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Autism Signs and Characteristics: A Checklist for Adults
While it is very often the case that people with autism are diagnosed when they are children or during their school years, there are nevertheless many adults who may be on the spectrum but who do not have a formal diagnosis of autism.
This may be because an individual thinks or knows that they are on the autism spectrum but have chosen not to have an assessment, or it could be the case that an individual is not aware that they are autistic because they have never been assessed at any point in their lives.
Why aren’t the characteristics of autism recognised in adults?
There may be any number of reasons why an adult who might be autistic has not had an assessment or an autism diagnosis.
It might be because they themselves, their families or their friends aren’t aware of the characteristics of autism, or that the behaviours associated with autism do not impact significantly on their functional skills or daily living activities. Adults on the spectrum without a diagnosis may also have developed and learnt a range of strategies over their lifespan and so no longer think a diagnosis is relevant or necessary.
Alternatively, an individual may have at some stage received another diagnosis that seems to account for some of the characteristics of autism they display. Therefore either not seeking an additional diagnosis, or are not aware that having an additional diagnosis is possible or that an autism diagnosis would prove more accurate.
Some adults may also be content to self-identify as being on the spectrum and do not see the need for a formal diagnosis. Others may simply not want to have a diagnosis, whether because of the cost, wait times, or for other reasons.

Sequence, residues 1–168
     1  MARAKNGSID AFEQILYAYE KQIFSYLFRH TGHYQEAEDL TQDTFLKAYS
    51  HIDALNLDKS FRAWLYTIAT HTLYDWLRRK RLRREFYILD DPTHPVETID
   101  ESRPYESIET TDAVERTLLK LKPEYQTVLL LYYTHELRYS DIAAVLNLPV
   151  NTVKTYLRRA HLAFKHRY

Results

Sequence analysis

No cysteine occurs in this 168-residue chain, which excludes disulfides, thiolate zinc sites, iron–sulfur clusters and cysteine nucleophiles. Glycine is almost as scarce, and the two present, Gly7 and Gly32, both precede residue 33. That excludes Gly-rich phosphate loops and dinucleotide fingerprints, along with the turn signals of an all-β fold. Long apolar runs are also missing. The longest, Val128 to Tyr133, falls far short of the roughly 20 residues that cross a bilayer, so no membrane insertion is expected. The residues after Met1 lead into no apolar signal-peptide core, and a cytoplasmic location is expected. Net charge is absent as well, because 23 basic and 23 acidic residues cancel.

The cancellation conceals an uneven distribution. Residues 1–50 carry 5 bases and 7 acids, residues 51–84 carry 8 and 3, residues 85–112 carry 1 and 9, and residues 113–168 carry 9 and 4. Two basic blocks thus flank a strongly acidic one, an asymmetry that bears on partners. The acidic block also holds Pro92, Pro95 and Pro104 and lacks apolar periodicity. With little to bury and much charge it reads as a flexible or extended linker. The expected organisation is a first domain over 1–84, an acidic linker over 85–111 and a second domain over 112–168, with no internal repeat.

Adults on the spectrum without a diagnosis may have developed and learnt a range of strategies over their lifespan, and so no longer think a diagnosis is relevant or necessary.
What are the benefits of an adult having an autism diagnosis?
If you think that you might be autistic yourself, or you think an adult family member or friend may be on the autism spectrum but they have never had a formal assessment or diagnosis, you might question whether there is any point in doing so now, particularly if autism does not seem to be impacting on functional skills or daily living activities.
Ultimately, this is a personal decision. Many adults on the spectrum who do not have a formal diagnosis have fulfilling employment, maintain happy and meaningful relationships, and enjoy a good quality of life.
At the same time, some adults who have not been formally diagnosed can find life challenging in terms of how they connect and engage with others, or in maintaining consistent and meaningful employment, and as a consequence might feel isolated, confused and frustrated, and may be unsure as to why. This can ultimately impact on health, wellbeing and quality of life.
“Some adults who have not been formally diagnosed can find life challenging…and as a consequence might feel isolated, confused and frustrated, and may be unsure as to why.”